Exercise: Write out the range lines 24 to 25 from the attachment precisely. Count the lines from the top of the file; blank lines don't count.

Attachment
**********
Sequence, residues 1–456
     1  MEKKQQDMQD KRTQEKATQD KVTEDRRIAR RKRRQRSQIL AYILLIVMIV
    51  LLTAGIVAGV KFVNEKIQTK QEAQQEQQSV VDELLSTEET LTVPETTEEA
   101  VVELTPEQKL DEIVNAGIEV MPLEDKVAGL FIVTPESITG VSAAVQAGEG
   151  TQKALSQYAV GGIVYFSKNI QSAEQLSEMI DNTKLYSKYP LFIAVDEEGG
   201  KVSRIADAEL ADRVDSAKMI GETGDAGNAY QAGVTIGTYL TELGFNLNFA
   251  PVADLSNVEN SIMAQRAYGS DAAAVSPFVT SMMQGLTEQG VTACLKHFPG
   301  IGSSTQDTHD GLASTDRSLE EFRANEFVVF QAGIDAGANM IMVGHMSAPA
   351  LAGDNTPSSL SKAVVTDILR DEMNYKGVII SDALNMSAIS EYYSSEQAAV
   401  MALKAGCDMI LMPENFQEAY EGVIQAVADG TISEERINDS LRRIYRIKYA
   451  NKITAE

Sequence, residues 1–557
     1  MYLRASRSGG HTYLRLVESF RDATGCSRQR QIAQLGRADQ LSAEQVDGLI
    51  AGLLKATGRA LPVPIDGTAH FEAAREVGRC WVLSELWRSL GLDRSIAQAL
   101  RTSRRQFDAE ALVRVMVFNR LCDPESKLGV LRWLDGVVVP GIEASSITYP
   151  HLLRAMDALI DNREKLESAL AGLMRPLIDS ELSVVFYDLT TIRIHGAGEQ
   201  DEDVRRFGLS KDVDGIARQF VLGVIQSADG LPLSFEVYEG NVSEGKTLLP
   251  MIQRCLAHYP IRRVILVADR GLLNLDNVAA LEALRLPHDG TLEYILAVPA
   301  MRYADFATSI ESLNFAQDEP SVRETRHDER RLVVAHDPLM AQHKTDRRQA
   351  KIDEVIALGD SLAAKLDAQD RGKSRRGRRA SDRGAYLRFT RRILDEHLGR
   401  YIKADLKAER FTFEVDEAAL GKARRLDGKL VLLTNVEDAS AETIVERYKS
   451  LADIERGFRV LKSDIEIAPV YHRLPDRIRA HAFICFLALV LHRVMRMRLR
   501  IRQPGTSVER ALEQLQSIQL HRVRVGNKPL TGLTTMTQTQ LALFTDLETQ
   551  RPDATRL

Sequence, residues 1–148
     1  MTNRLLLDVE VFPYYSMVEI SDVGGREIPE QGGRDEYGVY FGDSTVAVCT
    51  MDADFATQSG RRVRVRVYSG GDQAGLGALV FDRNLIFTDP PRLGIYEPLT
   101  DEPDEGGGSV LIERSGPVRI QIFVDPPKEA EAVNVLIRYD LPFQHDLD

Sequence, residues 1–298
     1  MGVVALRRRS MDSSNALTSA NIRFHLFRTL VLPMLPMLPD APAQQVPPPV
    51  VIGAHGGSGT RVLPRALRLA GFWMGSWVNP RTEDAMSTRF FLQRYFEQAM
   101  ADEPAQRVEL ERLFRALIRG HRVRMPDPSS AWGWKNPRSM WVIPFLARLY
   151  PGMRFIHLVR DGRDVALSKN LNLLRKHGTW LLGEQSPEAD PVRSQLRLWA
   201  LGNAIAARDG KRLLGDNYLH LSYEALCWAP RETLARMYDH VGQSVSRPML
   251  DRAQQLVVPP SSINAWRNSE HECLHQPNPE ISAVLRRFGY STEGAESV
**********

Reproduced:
   551  RPDATRL

Sequence, residues 1–148